It will give you space to breathe and think.
So take a moment, and reflect on the things that is causing your worries.
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Tips for using the circle of control:
Each individual’s circle of control, influence or control will be different.
For some people, the time they sleep or eat will be in their circle of control. But for others, for example, doctors or parents, these are out of your control.
If you are a politician the policy of your country if in your control, but if you are not then this could be out of your control.
The key is to create your own circle of control and recognize things that are in your control and not be influenced by others decision.
Finally, it is about realizing that resilience is the tool that will help you bounce back from difficult times.
Resilience is about expanding your circle of influences.
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How to use the circle of control in the classroom?
- Print out 2 circles. Name the first one circle of control and the other circle of influence
- Get students to use sticky notes to write down all the issues that are bothering them
- Put them all in the Circle of Concern side.
- At this point, it may feel like they do not have control over the situation.
- Now ask them to start dividing it into activities they can control. For example, worrying about exams could be something in their control. They can study harder and prepare for exams.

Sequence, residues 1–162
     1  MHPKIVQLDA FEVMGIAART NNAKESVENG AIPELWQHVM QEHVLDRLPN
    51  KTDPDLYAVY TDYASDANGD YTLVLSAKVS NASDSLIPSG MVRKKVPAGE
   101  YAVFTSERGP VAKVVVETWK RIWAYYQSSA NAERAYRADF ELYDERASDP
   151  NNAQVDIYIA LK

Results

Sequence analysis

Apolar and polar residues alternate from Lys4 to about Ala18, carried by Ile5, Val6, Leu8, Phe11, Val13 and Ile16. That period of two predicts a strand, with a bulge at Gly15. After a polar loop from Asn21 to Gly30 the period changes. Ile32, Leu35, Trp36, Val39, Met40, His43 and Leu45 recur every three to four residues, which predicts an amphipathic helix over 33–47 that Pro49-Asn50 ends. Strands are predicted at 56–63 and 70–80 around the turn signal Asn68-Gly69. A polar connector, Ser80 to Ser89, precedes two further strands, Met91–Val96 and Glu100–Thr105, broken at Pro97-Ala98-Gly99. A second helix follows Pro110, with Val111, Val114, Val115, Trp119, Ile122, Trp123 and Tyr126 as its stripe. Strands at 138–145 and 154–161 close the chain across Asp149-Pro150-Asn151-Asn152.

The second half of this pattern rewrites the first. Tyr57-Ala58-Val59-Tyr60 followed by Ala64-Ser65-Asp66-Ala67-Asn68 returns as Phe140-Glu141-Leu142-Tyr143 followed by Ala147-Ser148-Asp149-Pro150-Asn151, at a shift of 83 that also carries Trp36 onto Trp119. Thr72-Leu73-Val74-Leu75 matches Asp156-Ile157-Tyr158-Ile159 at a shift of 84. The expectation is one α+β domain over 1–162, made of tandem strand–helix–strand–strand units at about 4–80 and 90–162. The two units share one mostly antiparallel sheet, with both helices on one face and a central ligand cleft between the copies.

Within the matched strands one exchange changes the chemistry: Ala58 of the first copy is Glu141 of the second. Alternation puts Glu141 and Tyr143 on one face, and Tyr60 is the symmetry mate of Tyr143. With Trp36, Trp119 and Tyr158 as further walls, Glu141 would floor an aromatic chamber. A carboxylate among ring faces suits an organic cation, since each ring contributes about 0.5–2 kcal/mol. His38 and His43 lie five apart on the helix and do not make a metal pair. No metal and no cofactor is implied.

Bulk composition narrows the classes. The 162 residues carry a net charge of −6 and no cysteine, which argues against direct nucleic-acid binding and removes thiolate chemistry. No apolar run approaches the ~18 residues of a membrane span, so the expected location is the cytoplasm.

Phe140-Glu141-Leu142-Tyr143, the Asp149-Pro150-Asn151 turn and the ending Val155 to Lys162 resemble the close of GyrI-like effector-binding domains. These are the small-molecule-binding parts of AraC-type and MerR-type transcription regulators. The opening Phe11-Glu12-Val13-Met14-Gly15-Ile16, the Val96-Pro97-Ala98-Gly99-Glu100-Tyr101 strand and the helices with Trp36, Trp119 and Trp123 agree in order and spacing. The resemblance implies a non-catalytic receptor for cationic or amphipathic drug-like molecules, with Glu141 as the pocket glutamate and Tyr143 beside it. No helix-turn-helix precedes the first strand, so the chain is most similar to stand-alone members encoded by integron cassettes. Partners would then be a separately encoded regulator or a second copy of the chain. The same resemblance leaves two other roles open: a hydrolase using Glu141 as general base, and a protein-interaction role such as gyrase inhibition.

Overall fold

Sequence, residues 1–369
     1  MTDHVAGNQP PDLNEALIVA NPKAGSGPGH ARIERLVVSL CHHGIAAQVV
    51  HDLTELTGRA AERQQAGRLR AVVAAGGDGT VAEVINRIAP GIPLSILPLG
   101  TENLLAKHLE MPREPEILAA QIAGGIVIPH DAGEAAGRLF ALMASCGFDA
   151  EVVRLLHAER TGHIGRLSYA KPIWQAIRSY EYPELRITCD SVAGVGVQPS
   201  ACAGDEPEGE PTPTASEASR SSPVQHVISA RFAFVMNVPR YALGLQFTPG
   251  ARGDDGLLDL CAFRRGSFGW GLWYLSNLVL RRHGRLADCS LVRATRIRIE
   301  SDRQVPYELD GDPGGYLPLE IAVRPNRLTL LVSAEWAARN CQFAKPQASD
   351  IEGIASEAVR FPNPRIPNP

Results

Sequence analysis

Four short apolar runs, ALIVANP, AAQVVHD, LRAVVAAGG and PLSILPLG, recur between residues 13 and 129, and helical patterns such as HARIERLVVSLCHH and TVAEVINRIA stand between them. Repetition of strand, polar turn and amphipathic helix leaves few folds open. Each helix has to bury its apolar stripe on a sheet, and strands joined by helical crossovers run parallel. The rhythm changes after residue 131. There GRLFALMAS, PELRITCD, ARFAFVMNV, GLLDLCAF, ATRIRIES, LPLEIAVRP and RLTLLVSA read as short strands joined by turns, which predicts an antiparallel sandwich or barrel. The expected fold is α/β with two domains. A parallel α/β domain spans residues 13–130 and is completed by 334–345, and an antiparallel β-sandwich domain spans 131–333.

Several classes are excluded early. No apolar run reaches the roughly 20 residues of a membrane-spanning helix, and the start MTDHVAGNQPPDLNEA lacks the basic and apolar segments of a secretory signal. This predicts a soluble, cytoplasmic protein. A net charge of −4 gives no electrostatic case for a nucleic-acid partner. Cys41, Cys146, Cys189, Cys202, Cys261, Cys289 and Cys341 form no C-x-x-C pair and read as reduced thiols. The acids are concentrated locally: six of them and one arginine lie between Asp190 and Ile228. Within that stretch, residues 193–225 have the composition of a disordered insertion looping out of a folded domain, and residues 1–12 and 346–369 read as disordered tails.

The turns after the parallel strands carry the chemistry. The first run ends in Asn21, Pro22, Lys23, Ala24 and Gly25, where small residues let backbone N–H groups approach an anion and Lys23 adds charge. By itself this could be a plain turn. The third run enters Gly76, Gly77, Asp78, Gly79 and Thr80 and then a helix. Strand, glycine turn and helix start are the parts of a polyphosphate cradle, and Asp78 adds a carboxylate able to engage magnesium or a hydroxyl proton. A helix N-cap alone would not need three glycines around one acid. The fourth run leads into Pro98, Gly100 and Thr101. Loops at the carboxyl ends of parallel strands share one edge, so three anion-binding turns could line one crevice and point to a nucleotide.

- Start moving the sticky notes around by addressing each concern.
- The poster can act as a daily reminder to students of just how much they are in control if they focus their time and energy at the right place.
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Using the circle of control with children
When a child starts to understand this concept, their life can change dramatically.
They will focus on the circle of control versus things they cannot control.
They will begin to understand that other people’ss thoughts and behaviors are out of their control but they have the power to react in a certain way and make good choises.
This will teach kids to feel “in control” of their situations even when things may feel like it is falling apart.
It will encourage them to be confident with their own thoughts and care less about the opinion of others.
Here are some things to introduce to children:
- Children CANNOT control that exams and homework will happen
- They CAN contol how much they like to learn and effort to put into school work.
- They CANNOT control how their friends will react towards them or how annoying their siblings will be.
- They CAN choose their friends and how they react to their siblings.
How to start this activity with your kids:
- Find a time and space where you and the kids are feeling calm and stress-free.
- Take a large piece of paper and draw a big circle
- In the middle of the circle write your child’s name then put “I can control.”
- Explain to your child what the circle of control is. Tell them that there are things in life they cannot control and we should not waste our time on those things.
- Help your child come up with examples of them. For example, the weather, then pandemic, the season, exams, their teacher, etc.
- Then encourage your child to come up with their own list of things.
- Once that list is done then come up with things that they CAN control. Write them on the outer circle.
- Once you have them written down in both areas, hang the circle of control in a place that is visible to them so they can see it every day.
- This will be a reminder for them to not focus their energy on things they cannot control.
- As new worries or anxieties comes up encourage them to keep writing it and review it often.